turned out appearance always. Over eve-
ning clothes, in the city, on Sundays and
general evening wear, this coat stamps its
weerer as a man of tastes and refinement.
$25 $35 $45 $60
-er_

Jewel.............. ..M. ... ...... . ayo
David ..........RD...........Bois!
MacCollum .....LD......... Vogant
Heyliger...... C .........Ralston
Berryman ...... RW ........ Minto
Sherf .......... LW .......... Boyd
Michigan spares - McEachern,I
Courtis.
Essex Frontiers spares - Slattery,I
Simard, Newman, Jolicoer.
Referee --Percy Traub, Detroit.
First period - Scoring: none. Pen-
alties: Bois (tripping), Boyd (charg-
ing).
Second period - scoring: Heyliger
(David) 9:21. Sherf 12:18. Berryman
(Sherf) 18:05. Penalties -None.
Third period - scoring: Sherf 7:28.
Minto (Vogan) 10:09. Minto 14:52.
Sherf 16:47. Sherf 17:20. Penalties-
David (interference); Minto (trip-
ping).
Fatalities On

warnings and reported to Kipke at guard positions. Late in the practice shooting continued to mar the Var-
the opening of practice. Knowing that s - - ---_ - ity's play. The forwards failed to
the coaches would forbid him to play make their shots good, and the two
if they - were aware of his injury, he !nter rate. nitvguards did most of the scoring.
kept it hidden. '1 Lack of speed continued to hamper
During the first scrimmage of the: T Johnny Gee at center. At guard,
year, the same one which took Bill irestlers T o George Rudness gave the impression
Renner out for the season, Bolas in- that he will retain a regular posi-
jured his left ankle and was out for M e Tonight Lon.
a month. He now had enough wounds__
to incapacitate two ordinary men, but ELEVEN TO GRADUATE
no sooner was he able to walk with Fraternity wrestlers from more The University of Detroit football
only a slight limp, than he was down than 20 houses will meet in a series team will lose eleven of this year's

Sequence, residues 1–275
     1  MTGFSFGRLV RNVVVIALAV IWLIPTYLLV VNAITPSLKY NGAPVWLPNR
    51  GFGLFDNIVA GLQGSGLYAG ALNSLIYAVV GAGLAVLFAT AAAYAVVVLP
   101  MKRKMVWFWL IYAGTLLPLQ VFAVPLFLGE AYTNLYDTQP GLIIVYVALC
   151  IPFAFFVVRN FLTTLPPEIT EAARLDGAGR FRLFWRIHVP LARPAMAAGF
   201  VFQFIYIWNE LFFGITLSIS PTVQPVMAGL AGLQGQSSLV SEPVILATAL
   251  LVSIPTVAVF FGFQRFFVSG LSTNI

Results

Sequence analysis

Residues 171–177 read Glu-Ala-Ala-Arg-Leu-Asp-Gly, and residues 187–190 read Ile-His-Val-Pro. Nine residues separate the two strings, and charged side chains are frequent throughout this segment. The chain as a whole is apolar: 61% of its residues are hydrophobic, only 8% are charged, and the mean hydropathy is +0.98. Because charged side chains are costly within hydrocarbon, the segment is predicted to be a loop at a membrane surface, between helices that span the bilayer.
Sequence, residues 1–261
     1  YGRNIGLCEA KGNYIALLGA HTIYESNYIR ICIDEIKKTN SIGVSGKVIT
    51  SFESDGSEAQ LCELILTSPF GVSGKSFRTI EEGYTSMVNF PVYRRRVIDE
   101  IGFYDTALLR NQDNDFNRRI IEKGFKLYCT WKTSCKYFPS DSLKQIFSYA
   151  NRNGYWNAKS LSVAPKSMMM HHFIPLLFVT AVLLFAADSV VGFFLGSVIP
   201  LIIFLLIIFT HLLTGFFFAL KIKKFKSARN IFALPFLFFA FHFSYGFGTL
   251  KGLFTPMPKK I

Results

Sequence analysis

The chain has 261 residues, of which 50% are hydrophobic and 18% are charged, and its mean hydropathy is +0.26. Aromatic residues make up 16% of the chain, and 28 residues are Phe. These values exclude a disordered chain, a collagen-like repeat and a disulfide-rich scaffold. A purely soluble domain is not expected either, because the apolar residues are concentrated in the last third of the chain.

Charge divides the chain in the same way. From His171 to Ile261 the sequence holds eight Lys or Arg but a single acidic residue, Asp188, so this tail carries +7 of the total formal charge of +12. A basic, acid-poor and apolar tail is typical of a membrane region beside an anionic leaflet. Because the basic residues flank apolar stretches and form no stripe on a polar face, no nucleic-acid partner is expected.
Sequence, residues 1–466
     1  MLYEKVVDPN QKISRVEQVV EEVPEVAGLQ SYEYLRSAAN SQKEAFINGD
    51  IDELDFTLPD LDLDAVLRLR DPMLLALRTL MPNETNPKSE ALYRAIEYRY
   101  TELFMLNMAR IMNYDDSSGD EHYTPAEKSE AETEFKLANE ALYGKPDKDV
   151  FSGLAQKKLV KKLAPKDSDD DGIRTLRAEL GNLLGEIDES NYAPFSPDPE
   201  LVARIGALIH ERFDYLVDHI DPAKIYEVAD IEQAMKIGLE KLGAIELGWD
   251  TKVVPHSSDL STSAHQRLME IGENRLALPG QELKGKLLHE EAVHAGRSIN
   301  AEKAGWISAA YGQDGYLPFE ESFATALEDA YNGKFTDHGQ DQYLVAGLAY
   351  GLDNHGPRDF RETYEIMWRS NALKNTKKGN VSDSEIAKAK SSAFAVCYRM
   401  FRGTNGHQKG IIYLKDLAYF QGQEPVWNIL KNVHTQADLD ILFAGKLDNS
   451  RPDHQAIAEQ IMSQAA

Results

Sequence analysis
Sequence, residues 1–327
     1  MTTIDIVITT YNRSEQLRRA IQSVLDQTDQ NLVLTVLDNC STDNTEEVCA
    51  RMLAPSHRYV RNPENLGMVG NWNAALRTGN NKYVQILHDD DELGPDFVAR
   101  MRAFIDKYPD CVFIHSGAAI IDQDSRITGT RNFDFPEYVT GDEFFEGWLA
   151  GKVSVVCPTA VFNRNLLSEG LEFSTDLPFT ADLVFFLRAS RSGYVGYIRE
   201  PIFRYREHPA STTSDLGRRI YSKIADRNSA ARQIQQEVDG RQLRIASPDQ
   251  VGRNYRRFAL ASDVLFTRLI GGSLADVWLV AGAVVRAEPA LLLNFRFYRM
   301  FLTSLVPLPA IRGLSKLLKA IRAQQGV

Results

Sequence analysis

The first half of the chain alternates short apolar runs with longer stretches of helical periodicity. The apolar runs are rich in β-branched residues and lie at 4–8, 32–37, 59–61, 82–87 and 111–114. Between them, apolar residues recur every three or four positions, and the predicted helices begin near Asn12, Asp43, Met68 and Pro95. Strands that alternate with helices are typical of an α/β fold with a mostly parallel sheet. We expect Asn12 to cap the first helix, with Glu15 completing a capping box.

at Ferry Field in uniform, of mat battles at 7 p.m. today as the squad by graduation. Seven of the
pr eliminaries of the Interfraternity' players are regulars.
wrestling tourney get under way in ---
1 ) the Intramural Building.
All winners will compete twice in
order to make it possible to deter-
IS P IR T S mine the champions in the various
_I divisions Thursday evening, the sec-
ond night of tcompetition.
Four games were played in the first 30-Second Time Advantage
series of the Intramural basketball Preliminary bouts will be of five
tournament yesterday at Barbour minutes duration with a time advan-
gymnasium. League Zone 7 defeated tage of 30 seconds necessary for ad-
Alpha Omicron Pi, 26-2; Kappa Delta n n
and Martha Cook mediately after the conclusion of the
won from Alpha semi-finals, which are scheduled to
Delta Pi, 23-13. begin at 7:30 p.m., the time will be
The game sched- extended to eight minutes and the
hed game sc ed- time advantage necessary for deci-
Leage Zoe 8signs to 45 seconds.
League Zoane 8 Each fraternity, in order to earn
was not played. entrance points, must enter at least
Matches sched- two men.
uled for today Weighing-In Today
are, Kappa Kap- All contestants are required to
pa Gamma vs. weigh in between 3 and 5 p.m. today.
Sorosis; A1 p h a either at Waterman Gym or at the